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The Stalwart submits: There's a lot of talk about screen real estate, i.e. the space on your computer screen, which everyone wants a slice of. Advertisers want to carve out their corner, and many just want to cover your screen entirely. Of course, they have to enter into arrangements with content providers, who want ample space for themselves. The ever expanding monitor is good for everyone, but as the space is still scarce, the battles are always pitched.

But there's another kind of screen real estate that may prove even more valuable that every company wants its cut of. That's the space on top (or underneath) your TV screen. Think about all of the boxes that are piling up. There's Microsoft's (NASDAQ:MSFT) XBOX, the TIVO (NASDAQ:TIVO), the set top box from your cable company, the DVD player, and if Apple (NASDAQ:AAPL) has its way, there will be space for an iTV, a box made for streaming movies from your computer to your TV.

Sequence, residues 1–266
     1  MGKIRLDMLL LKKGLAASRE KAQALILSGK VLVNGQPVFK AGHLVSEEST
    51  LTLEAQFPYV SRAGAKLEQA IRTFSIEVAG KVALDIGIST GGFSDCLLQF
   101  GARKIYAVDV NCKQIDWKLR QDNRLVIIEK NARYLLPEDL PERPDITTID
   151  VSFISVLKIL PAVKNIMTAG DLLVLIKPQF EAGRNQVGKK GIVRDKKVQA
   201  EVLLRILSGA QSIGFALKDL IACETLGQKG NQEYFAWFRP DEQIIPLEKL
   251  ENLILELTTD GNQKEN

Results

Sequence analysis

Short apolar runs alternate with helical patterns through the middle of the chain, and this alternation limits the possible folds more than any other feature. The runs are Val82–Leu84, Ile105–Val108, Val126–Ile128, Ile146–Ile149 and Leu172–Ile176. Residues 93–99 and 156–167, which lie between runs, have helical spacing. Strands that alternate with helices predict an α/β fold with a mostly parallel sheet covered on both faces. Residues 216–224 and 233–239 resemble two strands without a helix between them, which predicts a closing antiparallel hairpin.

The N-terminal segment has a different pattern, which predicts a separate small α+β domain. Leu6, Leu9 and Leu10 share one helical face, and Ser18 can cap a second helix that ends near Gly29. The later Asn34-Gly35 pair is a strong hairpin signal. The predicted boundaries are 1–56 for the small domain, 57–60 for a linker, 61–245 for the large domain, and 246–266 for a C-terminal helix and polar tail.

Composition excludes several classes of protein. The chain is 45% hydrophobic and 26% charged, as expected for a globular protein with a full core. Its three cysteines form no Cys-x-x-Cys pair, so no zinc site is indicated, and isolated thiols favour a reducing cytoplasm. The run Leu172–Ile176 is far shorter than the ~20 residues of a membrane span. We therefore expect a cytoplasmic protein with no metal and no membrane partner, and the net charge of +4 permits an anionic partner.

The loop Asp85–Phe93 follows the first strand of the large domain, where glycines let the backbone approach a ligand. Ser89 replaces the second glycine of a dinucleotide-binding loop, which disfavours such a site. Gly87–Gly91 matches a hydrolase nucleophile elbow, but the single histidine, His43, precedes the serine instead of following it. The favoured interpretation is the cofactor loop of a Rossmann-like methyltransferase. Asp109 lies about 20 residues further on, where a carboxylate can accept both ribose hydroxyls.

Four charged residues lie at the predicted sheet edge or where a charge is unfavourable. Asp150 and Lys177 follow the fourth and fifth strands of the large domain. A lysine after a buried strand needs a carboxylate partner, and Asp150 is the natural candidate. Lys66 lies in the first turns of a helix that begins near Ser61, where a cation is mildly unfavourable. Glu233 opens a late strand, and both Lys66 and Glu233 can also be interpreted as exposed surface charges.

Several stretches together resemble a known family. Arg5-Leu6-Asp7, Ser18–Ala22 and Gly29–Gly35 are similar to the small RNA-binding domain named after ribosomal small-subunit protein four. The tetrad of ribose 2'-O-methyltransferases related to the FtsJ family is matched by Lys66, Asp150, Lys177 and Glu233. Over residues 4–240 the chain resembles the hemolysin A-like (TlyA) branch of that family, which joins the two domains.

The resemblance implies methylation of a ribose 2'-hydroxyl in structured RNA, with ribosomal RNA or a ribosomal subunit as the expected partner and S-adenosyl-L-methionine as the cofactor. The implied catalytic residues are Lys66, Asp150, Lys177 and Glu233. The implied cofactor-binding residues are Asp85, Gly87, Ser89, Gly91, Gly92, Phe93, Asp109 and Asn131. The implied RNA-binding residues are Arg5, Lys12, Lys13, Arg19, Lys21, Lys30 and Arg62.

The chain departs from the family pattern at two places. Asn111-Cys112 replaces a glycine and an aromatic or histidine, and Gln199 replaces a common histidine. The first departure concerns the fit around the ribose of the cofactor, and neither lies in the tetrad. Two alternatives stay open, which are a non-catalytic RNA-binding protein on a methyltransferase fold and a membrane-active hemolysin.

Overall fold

That's a lot of boxes all doing very specific tasks.

It doesn't take a rocket scientist to see how high the stakes are in this game. If Apple succeeds in getting its box in America's living rooms, it can sell you movies, TV shows, video games (?), charge your for DVR-like services, etc.

What's funny is that this is what the XBOX was supposed to be all about. Everyone's been talking about how this was Microsoft's secret Trojan horse. It's supposed to be their toe in the door, so that eventually it can sell movies and all that stuff that Apple's doing. Well what are they waiting for?

So will one box hegemonically take over the roles of the rest? Can one box be your cable receiver, DVD player, videogame player, DVR, and bridge between the TV and computer? Maybe, but as long as the world of digital media remains a morass of competing standards and filetypes that can only run on designated hardware, it's hard to see one company consolidating the space.

Perhaps the real winners will be the furniture companies making bigger and bigger shelves for your TV-related electronics.

Source: What Happened to Microsoft's Trojan Horse?